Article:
Moving your startup to a new city in 3 steps
Talendrr is in Portland, Maine!
Needless to say, Portland isn’t the most popular kid in the class, and somewhat come’s off as having an inferiority complex with the slogan ‘Life IS good here’. Aside from not being well known as a city (with many confusing it for the Trail Blazer’s home), it’s not particularly known for being a tech-harbor, entrepreneurship-fostering Pandora either. So how does that work for a small company trying to set base here?
What people don’t know, about this food and art oasis is that there doesn’t exist a better place to base your start-up. I can’t speak for everybody of course, as Talendrr hasn’t set foot in any other state. But as far as a close knit, well rounded and collaborative culture, it has been easier here than one would imagine it is in other places in the United States. But you didn’t come to read about the many wonders that is Portland (no, the other one). Let’s talk about HOW to make whichever city you move your start-up to one.
1. Code-word: NET-WORK
Look them all up. These event are a goldmine. Doesn’t matter whether it is the speaker-infested, must-attend hottest conference of the century, or the abandoned meetup.com event you stumbled upon when trying to look for a speed-dating night. If it fits your startup’s industry, or points of interest, click ‘attend’. And if your pocket doesn’t allow for it, volunteer. Broadly speaking (and quite disappointingly cliche), there is ALWAYS a way and if you can’t find one, make one. Not only will these networking events open doors, but done right, could be your path to ultimate success. Don’t just take a card, reach out. Don’t just hand out yours, tell your story. These connections could be potential clients, partners or even mentors.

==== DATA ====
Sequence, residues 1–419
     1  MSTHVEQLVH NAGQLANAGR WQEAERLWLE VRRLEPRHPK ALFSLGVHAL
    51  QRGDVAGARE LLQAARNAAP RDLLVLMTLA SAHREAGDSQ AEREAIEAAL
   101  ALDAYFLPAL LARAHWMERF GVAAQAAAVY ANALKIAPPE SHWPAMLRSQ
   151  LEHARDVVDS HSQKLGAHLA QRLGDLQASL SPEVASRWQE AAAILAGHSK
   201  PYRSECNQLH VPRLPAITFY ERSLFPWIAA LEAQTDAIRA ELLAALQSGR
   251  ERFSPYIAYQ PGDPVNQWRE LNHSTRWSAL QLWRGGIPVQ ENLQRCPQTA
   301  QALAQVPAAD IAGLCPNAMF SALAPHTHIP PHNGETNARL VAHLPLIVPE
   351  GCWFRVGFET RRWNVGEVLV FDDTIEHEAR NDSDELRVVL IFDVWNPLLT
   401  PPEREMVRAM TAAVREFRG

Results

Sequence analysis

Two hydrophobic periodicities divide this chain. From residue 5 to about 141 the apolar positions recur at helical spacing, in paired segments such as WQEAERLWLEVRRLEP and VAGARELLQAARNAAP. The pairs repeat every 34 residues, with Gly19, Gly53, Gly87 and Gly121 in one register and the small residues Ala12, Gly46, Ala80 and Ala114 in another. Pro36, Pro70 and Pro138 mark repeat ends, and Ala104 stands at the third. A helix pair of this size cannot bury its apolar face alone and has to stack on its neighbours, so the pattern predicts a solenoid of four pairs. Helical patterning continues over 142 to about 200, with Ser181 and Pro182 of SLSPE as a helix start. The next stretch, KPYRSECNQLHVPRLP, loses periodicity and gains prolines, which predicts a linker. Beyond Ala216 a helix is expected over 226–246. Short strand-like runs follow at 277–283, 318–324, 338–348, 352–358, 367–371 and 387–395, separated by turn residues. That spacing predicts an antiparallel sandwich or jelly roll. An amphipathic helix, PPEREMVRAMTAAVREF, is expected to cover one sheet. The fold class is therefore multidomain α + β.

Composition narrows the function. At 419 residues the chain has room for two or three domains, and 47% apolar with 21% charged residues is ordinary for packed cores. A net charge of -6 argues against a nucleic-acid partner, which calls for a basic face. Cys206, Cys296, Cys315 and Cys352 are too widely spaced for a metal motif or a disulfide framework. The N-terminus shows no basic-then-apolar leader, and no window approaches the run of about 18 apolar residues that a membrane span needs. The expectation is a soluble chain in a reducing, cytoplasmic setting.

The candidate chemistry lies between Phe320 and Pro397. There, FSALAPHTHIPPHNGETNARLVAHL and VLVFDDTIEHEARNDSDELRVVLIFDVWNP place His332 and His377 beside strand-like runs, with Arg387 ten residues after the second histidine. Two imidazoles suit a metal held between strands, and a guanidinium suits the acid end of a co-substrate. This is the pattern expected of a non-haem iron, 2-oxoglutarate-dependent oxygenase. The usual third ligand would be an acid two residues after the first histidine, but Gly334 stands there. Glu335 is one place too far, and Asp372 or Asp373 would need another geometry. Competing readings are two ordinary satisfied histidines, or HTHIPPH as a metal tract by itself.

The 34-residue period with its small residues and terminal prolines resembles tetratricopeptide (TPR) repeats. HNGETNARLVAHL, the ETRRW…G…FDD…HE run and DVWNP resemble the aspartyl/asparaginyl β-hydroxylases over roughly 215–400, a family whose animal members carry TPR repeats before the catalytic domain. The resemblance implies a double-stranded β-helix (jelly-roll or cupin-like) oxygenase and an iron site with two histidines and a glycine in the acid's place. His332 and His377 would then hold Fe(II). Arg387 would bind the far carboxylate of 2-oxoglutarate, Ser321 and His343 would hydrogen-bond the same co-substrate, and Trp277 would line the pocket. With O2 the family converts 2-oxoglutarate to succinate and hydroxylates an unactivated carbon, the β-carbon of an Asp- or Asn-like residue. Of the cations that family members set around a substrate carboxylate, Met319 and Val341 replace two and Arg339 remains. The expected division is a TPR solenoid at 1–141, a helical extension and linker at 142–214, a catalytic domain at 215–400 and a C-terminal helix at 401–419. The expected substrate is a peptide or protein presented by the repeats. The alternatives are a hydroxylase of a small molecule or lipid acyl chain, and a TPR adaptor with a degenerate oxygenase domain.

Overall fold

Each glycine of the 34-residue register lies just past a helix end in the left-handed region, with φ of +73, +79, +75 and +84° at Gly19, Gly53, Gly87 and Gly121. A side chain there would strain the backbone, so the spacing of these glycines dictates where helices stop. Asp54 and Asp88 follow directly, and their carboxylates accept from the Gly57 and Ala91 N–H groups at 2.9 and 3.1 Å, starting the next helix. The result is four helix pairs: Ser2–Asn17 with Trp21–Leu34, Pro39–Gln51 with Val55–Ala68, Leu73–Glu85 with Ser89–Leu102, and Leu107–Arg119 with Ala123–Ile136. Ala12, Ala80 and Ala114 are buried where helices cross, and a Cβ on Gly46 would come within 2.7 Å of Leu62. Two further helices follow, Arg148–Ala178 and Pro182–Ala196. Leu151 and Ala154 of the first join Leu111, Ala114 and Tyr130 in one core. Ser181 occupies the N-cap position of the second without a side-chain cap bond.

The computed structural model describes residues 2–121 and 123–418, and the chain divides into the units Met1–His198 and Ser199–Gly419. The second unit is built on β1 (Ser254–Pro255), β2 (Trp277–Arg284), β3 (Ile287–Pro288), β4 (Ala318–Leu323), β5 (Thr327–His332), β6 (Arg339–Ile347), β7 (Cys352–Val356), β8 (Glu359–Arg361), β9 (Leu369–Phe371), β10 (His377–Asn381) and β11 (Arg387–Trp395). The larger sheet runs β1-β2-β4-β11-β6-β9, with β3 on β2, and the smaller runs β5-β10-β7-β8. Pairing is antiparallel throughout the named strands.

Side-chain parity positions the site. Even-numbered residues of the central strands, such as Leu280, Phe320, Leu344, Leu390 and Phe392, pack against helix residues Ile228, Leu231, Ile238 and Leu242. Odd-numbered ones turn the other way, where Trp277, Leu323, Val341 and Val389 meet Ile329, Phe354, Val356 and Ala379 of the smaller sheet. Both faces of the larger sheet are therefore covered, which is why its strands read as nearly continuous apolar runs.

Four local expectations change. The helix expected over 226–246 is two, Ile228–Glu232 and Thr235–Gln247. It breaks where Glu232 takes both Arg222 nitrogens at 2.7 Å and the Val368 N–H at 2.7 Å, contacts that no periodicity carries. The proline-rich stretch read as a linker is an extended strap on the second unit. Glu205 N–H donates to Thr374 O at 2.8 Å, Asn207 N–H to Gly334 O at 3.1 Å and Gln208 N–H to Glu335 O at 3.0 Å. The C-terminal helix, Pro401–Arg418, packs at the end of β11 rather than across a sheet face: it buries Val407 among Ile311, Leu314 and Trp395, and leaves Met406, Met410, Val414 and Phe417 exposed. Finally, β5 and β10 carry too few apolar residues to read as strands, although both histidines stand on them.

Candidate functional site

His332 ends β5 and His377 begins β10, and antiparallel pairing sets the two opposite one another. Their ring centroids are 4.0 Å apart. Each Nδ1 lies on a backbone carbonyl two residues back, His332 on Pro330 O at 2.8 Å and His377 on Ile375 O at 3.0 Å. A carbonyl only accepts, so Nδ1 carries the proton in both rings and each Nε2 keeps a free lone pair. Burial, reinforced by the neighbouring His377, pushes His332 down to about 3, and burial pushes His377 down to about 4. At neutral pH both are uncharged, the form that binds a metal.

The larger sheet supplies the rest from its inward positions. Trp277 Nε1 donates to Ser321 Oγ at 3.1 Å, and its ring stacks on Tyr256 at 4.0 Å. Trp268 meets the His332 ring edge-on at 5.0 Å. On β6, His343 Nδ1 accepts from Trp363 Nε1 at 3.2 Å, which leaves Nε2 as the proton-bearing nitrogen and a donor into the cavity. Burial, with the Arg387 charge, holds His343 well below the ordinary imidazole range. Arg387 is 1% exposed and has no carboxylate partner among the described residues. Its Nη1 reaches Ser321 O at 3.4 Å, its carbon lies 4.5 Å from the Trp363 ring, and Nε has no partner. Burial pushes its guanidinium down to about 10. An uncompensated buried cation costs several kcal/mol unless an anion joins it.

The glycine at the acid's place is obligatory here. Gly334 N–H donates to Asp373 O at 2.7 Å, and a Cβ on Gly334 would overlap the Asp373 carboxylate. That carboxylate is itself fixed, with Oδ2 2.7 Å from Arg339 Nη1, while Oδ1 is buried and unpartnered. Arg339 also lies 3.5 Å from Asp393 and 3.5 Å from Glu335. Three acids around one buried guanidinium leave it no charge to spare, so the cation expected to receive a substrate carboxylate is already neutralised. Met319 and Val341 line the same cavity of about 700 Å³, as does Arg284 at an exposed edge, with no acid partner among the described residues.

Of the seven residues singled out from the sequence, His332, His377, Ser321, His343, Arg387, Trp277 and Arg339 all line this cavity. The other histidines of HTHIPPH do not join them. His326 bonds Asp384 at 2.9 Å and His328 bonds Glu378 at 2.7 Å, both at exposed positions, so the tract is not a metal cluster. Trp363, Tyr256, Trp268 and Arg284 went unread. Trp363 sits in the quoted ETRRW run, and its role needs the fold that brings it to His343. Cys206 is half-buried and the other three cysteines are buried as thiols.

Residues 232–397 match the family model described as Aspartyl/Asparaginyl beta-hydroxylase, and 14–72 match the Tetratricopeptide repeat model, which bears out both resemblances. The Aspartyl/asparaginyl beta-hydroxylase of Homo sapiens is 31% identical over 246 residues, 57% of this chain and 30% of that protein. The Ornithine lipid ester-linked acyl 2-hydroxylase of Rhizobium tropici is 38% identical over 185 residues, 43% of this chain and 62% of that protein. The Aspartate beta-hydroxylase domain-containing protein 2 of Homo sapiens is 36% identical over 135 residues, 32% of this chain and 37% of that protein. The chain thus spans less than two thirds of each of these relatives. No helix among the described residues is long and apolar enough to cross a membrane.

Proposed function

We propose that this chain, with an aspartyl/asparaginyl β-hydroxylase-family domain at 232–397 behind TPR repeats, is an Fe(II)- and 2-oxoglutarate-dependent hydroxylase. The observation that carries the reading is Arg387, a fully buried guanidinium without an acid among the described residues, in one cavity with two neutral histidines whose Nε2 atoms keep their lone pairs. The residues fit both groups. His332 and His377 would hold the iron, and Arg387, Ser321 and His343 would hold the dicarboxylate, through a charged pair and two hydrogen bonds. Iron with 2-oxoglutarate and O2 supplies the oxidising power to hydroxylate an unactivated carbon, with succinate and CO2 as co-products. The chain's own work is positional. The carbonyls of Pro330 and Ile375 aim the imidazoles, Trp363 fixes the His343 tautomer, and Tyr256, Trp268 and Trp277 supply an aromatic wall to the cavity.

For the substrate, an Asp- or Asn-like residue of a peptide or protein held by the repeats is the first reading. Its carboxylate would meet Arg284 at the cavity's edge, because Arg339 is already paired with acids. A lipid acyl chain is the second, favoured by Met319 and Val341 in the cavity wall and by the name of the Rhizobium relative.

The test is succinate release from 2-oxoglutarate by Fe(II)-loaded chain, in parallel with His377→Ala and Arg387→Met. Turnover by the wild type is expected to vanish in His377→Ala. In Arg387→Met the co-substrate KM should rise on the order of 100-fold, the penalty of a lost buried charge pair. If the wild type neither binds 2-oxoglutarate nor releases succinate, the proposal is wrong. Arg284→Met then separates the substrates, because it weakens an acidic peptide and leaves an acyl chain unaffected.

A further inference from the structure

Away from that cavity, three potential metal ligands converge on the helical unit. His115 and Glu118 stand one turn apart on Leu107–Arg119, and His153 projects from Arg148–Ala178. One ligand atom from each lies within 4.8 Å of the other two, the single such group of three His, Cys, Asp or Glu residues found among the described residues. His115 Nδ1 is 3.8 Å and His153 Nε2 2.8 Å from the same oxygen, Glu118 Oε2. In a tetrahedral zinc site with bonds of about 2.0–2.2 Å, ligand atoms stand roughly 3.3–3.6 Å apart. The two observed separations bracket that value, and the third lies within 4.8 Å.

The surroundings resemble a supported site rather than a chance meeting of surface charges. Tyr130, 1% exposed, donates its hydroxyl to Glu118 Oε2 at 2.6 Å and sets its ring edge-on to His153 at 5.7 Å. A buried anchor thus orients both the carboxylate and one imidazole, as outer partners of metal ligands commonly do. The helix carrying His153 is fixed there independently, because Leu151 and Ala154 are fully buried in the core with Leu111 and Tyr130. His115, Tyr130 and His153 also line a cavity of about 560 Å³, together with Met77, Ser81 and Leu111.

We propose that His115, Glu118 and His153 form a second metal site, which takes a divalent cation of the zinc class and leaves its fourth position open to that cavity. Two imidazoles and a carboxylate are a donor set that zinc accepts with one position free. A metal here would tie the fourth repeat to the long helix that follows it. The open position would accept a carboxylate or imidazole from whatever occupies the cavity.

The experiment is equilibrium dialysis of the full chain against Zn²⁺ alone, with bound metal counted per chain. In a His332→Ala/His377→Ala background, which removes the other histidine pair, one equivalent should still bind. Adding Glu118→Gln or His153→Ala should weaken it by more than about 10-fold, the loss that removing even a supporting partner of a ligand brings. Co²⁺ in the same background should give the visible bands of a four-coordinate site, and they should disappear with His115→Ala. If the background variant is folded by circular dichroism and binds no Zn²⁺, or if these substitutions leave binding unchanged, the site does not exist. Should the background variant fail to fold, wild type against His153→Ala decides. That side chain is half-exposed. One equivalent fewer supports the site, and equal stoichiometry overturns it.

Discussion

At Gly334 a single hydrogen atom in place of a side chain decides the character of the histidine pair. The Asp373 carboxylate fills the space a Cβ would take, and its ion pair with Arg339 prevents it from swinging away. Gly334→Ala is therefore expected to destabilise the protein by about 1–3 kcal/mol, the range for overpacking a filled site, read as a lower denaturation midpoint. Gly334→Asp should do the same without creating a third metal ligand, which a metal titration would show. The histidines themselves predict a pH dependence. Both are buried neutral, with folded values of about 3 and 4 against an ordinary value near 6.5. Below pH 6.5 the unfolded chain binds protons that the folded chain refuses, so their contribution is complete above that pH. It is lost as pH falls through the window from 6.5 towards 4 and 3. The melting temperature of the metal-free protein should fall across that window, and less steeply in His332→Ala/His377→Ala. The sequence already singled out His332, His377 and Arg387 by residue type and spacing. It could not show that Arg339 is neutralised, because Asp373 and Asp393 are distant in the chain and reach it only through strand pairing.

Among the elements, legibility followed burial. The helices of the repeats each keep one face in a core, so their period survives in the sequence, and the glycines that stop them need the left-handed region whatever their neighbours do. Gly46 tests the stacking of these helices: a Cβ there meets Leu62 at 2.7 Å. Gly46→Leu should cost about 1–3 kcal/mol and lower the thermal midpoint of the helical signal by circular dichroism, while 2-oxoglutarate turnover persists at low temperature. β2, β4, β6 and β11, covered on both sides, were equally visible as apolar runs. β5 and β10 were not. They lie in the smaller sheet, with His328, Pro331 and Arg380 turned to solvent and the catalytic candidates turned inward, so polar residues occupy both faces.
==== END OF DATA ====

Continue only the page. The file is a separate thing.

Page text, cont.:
A rule of thumb, is the ‘at least 1:2:3’. For at least every drink, meet at least two people and get at least 3 contacts’.
Yes, this is very possible. Because if you’re having quality conversations, then somebody will know someone for you. Unless of course the event is absolutely useless, then reverse the order.
2. Winner takes all
Let’s face it. When you are new in a city, chances are that you don’t know very many people. Too many articles will dilute this fact by frowning upon the tendency to take without giving. But who are you honestly going to introduce that hotshot lawyer in your new city to? The kind barista at your neighborhood coffeeshop?
At this point, your main goal should be to soak up as much information as you possibly can. And yes, that may mean giving nothing but your keen attention and business card for a while.
Ask your new contacts to introduce you to people of interest, ask them to point you towards the right resources, ask them to tell a friend. There is absolutely no shame in asking. Unless of course you don’t know how to, at which point ‘should I start a business’ would be a better read. But until your network is big and good enough to endorse you as a facilitator, strip your pride down and ask.
3. Tell the right story, and tell the story right.
Remember when we talked about quality conversations? Let’s hope you do because good listeners sure will. There’s a place and time for every story. To potential clients, it will be how. To your suppliers, it will be when. To your grandmother, it will be what. To your employees, it’s probably how much! But to those that matter, (which is everyone) They want to know your why. Here’s a litmus test for you. Next time you are at an event, or just having a conversation with someone, see how many will ask for your why. Why you chose that idea to work on, or why you moved to the city, or why you wore that shirt. Let’s go out on a limb here and proclaim that you had a better conversation with those who asked for your why. Why?
Because this ‘why’ provokes thought. It puts the ‘what’, ‘when’, and the ‘how’ of your story into perspective.
But also, because it shows that your conversation partner is genuinely interested in what you are saying.
Let’s put this into practice:
Q: What is Talendrr?
A: It is a crowd-sourcing platform for virtual internships.
Q: How does Talendrr work?
A: It enables companies to post projects online,which individuals can tackle to gain work experience and skill endorsements.
Q: Why did you start Talendrr?
A: Because I was in university and could barely answer a statistics exam question. Let alone know how to apply it to my grand startup idea.